A new Parliament is a new beginning. It represents another opportunity to correct mistakes and set invaluable precedents for the future. That’s why the decisive election outcome was greeted with a wave of euphoria. Things are going to change, we said to ourselves. And they’re going to get better, we added with a strong silent prayer.
After the unfortunately delayed and disappointing council of ministers, Parliament will convene tomorrow. So, today, let’s see if our MPs live up to our hopes or if they represent the triumph of past practice over eager expectation.
The Association for Democratic Reforms (ADR) has done an analysis based on the affidavits MPs filed when they became candidates. ADR has looked at 533 out of 541 declared winners — that’s an overwhelming 98.5 per cent — and the conclusions are disillusioning. No doubt things have changed — but only for the worse.
Here are the dismal facts: we’ve just gifted ourselves 150 MPs — that’s more than a quarter — who face criminal charges. It’s also 22 more than 2004, a substantial increase of 17.2 per cent. The only saving grace is that the total number of cases they face has shrunk. From 429 in 2004 down to 412.
But there’s more in the ADR analysis to sour your mood this Sunday morning. The number of MPs facing serious criminal charges has shot up by an astonishing 30.9 per cent. These are MPs accused of murder, attempt to murder, robbery, dacoity, kidnapping, forgery and cheating, among other charges.
From 55 their number has now reached 72. Incidentally, that’s 13 per cent of the Lok Sabha. Once again, however, the total number of serious cases has fallen. This time by a healthy 29.5 per cent.
So what’s the conclusion? We have a higher percentage of MPs facing criminal cases and, within that, more of them face serious ones but, mercifully or paradoxically (take your pick), the total number of cases in both categories is down. To put it colloquially, more crooks but less instances of crookery.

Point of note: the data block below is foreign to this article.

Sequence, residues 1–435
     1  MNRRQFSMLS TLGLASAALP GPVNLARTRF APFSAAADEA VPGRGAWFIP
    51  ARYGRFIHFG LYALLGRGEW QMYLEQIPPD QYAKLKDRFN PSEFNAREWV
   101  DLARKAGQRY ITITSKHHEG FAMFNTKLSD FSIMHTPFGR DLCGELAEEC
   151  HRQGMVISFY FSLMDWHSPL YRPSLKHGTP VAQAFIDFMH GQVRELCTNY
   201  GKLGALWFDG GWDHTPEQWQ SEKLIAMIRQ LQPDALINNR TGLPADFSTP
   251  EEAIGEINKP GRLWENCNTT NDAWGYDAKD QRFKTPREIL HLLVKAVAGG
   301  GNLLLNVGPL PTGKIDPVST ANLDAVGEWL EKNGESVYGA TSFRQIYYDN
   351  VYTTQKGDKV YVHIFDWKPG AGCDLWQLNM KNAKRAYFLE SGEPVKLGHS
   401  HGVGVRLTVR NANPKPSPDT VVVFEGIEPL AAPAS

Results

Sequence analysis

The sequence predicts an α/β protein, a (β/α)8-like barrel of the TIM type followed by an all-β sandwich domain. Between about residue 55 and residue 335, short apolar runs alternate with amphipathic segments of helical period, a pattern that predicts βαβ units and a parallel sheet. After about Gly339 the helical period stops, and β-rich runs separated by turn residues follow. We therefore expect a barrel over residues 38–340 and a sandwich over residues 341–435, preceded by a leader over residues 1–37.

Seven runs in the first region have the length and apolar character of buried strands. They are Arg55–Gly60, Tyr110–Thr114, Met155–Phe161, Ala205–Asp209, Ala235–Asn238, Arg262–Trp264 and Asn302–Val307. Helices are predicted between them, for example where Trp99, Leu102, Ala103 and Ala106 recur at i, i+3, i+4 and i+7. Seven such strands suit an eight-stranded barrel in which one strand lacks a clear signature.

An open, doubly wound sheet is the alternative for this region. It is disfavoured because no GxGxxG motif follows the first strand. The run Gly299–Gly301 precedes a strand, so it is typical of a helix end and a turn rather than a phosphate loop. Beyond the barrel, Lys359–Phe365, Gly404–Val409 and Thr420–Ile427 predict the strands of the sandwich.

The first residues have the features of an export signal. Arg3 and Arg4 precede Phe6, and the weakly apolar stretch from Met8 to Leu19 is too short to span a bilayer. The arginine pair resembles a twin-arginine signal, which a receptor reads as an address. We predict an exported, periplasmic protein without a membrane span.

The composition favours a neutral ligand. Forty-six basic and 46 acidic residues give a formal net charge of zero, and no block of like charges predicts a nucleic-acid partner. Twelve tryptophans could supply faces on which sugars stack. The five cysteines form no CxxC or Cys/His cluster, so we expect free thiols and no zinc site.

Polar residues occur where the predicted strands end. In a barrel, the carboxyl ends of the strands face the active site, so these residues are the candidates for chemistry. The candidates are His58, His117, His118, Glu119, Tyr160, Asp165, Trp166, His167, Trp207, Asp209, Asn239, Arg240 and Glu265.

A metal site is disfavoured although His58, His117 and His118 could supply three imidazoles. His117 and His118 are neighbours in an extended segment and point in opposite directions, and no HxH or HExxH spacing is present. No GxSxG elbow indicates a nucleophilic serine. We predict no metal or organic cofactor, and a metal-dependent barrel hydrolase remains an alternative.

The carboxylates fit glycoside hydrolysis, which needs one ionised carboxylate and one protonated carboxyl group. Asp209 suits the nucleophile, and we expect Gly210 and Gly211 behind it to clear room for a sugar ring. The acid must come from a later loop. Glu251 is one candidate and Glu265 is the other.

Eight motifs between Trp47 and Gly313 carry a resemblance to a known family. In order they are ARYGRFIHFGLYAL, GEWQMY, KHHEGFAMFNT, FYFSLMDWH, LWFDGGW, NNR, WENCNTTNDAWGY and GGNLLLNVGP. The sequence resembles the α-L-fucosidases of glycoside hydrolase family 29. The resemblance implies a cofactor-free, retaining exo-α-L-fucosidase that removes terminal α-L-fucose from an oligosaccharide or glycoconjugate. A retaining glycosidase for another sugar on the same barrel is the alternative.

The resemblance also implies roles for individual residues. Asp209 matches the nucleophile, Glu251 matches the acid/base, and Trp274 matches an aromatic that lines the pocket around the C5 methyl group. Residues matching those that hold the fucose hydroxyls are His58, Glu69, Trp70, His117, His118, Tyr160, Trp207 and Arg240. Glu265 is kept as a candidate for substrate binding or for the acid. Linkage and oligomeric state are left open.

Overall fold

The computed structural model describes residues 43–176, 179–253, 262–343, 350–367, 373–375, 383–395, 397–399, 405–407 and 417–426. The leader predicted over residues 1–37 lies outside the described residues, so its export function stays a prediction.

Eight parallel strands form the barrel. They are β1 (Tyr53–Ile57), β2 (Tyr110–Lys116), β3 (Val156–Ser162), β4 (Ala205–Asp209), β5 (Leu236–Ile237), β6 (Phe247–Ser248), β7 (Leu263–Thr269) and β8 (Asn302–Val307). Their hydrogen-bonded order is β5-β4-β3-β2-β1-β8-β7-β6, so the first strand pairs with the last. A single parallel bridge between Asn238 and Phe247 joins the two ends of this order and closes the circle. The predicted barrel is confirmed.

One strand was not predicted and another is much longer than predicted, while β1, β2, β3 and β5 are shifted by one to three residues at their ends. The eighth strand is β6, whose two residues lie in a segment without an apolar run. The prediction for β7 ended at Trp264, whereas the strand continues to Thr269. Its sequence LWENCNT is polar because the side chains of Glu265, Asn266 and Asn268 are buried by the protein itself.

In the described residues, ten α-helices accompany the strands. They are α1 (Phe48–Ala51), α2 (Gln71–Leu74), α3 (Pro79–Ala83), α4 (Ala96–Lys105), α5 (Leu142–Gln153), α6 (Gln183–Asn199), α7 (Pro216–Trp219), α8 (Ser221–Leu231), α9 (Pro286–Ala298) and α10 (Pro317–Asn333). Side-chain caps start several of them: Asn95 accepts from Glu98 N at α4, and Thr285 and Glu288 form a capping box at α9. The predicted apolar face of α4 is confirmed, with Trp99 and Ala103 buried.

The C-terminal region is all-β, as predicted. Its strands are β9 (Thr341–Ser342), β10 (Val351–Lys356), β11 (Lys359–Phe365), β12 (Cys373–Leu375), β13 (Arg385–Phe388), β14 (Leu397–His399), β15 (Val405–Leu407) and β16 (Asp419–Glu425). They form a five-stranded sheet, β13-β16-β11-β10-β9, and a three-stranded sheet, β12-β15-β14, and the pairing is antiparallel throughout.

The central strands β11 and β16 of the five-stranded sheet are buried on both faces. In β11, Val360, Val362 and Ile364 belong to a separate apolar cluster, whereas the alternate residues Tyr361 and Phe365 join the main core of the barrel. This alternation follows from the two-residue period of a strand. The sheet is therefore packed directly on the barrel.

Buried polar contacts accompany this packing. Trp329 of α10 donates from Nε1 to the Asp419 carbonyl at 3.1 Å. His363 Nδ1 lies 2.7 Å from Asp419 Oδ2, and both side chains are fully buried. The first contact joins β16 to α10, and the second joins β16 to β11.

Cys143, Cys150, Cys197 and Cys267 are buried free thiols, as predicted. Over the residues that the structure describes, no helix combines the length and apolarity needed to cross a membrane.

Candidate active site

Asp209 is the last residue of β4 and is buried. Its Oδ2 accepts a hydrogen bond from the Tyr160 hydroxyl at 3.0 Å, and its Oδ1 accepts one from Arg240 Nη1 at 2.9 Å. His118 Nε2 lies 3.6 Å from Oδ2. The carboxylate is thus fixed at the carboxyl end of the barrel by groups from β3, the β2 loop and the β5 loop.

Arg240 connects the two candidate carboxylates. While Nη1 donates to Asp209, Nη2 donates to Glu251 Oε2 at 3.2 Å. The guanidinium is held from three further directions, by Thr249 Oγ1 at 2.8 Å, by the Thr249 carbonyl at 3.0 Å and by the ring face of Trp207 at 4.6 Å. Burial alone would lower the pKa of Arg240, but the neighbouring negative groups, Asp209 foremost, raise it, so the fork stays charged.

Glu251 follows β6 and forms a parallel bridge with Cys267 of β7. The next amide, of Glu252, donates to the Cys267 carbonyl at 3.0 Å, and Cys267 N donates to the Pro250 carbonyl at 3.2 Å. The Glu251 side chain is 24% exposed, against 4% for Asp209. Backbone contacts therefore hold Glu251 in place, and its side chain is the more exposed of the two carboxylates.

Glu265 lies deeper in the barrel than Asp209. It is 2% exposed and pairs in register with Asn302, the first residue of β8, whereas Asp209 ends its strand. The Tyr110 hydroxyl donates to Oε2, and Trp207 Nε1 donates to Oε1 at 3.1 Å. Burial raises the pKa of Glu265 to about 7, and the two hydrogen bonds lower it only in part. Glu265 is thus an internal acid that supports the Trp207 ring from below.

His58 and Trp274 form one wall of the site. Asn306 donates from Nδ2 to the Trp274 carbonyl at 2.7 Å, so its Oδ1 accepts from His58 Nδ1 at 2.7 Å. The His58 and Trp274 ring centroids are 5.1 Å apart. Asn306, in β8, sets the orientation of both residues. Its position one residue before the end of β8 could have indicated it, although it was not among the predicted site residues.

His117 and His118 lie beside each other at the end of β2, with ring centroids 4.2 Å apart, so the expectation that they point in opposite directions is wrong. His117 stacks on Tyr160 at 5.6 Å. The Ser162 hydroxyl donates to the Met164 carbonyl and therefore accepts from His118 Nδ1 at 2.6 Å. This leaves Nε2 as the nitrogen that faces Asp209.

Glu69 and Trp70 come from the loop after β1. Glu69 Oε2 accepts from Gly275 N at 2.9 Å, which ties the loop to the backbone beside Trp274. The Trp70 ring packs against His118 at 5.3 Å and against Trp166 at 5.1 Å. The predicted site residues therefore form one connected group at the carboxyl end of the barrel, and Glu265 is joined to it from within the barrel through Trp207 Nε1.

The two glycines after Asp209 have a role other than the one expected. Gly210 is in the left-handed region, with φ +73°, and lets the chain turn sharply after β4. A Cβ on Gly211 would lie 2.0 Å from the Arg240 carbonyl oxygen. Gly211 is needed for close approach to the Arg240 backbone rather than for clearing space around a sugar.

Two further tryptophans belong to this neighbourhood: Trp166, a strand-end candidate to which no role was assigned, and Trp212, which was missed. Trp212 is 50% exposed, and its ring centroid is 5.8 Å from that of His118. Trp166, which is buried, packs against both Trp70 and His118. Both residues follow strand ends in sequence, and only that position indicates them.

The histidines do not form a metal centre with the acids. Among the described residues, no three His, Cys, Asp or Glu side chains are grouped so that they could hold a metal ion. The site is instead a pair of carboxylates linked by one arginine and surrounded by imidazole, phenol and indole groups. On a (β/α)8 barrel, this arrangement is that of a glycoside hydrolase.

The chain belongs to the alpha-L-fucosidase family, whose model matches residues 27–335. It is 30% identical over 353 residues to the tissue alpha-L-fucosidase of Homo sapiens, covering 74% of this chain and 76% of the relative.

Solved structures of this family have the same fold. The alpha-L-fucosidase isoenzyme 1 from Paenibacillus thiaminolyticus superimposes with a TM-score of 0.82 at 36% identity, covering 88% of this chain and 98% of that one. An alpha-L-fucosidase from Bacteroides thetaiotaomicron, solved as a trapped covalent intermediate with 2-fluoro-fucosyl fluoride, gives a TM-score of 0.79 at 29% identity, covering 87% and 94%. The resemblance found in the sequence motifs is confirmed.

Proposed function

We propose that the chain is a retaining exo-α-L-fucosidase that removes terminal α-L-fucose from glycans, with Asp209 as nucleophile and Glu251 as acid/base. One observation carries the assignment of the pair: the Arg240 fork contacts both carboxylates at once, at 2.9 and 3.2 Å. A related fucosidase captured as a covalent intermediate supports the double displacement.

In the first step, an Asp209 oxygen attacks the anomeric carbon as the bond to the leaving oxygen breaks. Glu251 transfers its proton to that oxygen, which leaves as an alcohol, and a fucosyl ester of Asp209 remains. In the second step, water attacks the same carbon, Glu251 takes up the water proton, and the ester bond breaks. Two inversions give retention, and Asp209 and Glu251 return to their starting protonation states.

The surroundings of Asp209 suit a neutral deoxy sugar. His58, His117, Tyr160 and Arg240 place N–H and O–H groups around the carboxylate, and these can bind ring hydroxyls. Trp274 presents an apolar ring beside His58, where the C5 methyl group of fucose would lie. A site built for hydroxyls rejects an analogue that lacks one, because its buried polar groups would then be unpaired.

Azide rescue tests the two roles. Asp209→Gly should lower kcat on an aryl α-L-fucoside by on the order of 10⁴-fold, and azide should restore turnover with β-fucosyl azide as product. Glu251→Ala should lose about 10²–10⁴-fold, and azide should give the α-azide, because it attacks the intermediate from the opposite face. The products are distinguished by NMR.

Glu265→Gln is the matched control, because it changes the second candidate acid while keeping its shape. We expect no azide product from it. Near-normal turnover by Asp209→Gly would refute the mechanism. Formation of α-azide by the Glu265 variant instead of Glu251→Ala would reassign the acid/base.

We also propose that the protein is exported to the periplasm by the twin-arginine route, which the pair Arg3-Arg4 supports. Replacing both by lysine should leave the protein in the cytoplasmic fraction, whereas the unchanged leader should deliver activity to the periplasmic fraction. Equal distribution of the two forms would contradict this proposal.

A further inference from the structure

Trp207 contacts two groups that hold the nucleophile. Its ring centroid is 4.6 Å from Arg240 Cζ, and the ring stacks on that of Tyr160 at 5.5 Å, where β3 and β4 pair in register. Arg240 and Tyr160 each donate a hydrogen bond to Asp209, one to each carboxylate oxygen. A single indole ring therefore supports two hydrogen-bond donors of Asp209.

ADR has also done a crime-wise analysis of the new Parliament which is particularly depressing. Twenty are accused of murder, 24 of attempt to murder, 7 of dacoity, 3 of robbery, 2 of simple kidnapping but 5 of kidnapping in order to murder. Believe it or not, we even have an MP accused of assaulting the President or Governor with intent to compel or restrain the exercise of power (IPC Section 124). And we call this lot law-makers.
Perhaps for a bit of fun, ADR has published a ‘top of the pops’ list. Jagdish Sharma, JD(U) from Jahanabad (Bihar), faces 17 cases. He seems to be the clear ‘winner’. The top 10 include 3 BJP MPs (with Prabhatsinh Pratapsinh Chauhan from Panchmahal, Gujarat as third) and 2 Congress. And, in case you’re interested, there’s even a Communist — P Karunakaran from Kasargod, Kerala.
More importantly, how do the major political parties fare on the crimes stakes? In terms of absolute numbers the BJP is the slender winner. 42 of its MPs face criminal cases of which 19 are deemed serious. The Congress comes in with 41 and 12. But in percentage terms it’s a very different outcome. The clear winners are three small regional parties (JVM, VCK and AIMIM) with an astonishing 100 per cent tally. RJD comes next with 75 per cent, SP lower with 36.75 per cent, and BSP lower still with 28.57 per cent. On this score, the BJP comes in at 36.21 per cent and the Congress at 20.30 per cent.
Finally, in terms of state rivalry, UP is number 1. Thirty of its 80 MPs face criminal charges. But, once again, in percentage terms the ‘honours’ go elsewhere. Nearly 48 per cent of the MPs from Maharashtra face charges, as do 42 per cent from Bihar, Gujarat and Jharkhand, whilst the ‘loser’ is Assam. Only 7.14 per cent of its MPs stand accused of crimes.
One last thing: ADR also reveals that the new Parliament has 300 crorepatis. That represents an increase of 95 per cent over 5 years ago.
Mera Bharat Mahan — in more ways than one.